Predicting conversion to open surgery in laparoscopic colorectal resections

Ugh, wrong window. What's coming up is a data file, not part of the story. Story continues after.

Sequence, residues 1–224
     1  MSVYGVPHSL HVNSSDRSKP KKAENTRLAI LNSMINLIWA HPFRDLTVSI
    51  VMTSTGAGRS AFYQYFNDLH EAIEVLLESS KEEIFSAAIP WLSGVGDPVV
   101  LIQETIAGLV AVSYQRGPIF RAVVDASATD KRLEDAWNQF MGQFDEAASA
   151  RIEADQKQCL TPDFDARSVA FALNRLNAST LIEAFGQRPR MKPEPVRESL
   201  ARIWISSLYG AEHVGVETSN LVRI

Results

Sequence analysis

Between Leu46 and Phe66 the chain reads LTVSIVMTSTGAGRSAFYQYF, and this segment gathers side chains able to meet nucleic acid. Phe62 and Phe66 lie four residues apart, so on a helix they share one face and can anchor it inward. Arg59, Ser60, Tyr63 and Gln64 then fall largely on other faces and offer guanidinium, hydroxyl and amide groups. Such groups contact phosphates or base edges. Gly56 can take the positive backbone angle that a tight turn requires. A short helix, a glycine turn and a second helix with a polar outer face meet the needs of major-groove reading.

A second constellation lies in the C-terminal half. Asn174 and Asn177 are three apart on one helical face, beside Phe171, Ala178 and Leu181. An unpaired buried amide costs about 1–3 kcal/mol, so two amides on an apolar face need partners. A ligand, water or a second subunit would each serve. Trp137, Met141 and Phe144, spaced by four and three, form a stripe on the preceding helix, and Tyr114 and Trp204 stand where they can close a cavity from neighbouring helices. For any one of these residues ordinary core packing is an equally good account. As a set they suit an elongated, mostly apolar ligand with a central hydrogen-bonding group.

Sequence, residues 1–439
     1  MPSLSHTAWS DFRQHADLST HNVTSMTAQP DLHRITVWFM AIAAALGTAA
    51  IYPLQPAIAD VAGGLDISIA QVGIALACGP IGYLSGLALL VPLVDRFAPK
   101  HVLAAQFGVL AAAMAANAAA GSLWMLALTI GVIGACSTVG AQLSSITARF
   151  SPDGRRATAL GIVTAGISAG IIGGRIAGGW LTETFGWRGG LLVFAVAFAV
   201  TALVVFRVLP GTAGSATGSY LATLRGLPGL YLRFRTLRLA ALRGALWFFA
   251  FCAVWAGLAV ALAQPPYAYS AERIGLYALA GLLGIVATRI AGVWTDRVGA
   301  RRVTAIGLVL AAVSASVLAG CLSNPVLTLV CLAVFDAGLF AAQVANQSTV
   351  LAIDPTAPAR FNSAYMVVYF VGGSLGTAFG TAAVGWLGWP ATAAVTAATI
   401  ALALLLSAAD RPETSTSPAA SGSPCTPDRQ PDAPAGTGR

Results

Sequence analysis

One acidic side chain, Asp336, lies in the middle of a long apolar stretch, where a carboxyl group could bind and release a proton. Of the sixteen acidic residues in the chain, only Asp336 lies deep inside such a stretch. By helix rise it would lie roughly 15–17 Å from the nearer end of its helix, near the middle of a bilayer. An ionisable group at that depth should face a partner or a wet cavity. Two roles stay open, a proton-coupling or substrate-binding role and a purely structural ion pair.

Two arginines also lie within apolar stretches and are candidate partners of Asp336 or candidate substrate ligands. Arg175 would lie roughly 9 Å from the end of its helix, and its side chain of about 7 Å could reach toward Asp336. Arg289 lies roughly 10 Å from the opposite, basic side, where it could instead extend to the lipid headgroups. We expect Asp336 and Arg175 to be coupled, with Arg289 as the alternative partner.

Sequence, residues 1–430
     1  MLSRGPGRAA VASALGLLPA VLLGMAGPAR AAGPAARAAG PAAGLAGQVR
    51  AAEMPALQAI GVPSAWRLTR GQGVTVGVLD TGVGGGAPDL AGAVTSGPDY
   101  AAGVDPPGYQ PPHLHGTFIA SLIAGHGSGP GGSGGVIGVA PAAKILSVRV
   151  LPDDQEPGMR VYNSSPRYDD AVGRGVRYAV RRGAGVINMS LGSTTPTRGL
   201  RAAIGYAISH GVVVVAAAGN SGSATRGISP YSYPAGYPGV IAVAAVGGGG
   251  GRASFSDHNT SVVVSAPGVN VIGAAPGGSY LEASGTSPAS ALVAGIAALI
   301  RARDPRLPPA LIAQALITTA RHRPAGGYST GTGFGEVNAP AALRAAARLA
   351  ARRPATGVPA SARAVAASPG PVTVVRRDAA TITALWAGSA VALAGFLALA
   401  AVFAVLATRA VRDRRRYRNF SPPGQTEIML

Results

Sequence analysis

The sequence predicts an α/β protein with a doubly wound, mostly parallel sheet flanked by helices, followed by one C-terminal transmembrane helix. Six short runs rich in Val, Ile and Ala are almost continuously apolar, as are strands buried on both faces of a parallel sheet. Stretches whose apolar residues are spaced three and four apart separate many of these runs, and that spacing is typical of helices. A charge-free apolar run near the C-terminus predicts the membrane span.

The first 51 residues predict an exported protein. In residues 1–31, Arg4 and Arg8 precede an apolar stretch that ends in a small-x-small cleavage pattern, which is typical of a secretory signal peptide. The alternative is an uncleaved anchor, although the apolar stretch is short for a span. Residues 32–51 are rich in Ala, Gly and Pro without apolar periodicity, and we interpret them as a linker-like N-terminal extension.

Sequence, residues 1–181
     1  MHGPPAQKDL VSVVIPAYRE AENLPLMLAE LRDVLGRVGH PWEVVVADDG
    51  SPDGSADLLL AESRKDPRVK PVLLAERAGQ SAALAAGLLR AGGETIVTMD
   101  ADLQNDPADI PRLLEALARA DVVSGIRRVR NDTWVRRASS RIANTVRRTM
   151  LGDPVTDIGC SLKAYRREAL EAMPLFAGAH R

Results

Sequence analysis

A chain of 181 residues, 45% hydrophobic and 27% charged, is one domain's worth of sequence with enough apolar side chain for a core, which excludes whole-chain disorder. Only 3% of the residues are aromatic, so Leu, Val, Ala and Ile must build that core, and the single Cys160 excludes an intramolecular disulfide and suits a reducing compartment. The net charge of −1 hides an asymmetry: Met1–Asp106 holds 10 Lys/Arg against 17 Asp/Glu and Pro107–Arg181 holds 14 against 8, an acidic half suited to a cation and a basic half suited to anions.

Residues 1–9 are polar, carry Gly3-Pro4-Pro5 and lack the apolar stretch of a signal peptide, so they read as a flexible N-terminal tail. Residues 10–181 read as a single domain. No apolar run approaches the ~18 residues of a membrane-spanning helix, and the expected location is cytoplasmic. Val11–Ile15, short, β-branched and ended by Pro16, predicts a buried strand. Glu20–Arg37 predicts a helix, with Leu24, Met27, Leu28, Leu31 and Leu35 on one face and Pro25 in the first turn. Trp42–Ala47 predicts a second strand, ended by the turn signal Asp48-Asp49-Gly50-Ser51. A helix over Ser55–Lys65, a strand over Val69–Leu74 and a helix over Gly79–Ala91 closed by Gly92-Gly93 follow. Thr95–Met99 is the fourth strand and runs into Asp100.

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OBJECTIVE: The objective of this study was to develop a simple model for clinical use in predicting the individual risk of conversion to open surgery in patients undergoing laparoscopic colorectal resections. METHODS: A multiple logistic regression analysis of 367 laparoscopic colorectal resections completed between 1991 and 1998 was performed. The following 13 factors were considered: patient-specific factors (age, gender, weight levels less than 60 kg 60-90 kg, 90 kg or more), disease-specific factors (Crohn's disease, diverticulitis, malignancy, fistula), and procedure-specific factors (resection of the hepatic flexure, splenic flexure, sigmoid, rectum, perineum, experience with less than 50 cases). A scoring system was developed on the basis of the three factors found to be predictive of the risk for conversion to open surgery: diagnosis of malignancy (odds ratio 3.23; p = 0.0037; one point), surgeon experience with 50 cases or less (odds ratio 2.26; p = 0.0363; one point), and weight level (odds ratio 3.42; p = 0.005; 60 to 90 kg, one point, 90 kg or more, two points). RESULTS: The predicted conversion rates for the cumulative scores of 0 to 4 points were 1.1%, 3.3%, 9.8%, 25.4%, and 49.7%, respectively. No significant difference was found between predicted and actual conversion rates, indicating a good fit of the model (chi square = 1.774; p > 0.5). CONCLUSIONS: This novel scoring system is simple, accurate, and readily applicable in an office setting. It represents the large experience of one surgical group and remains to be validated by other centers.
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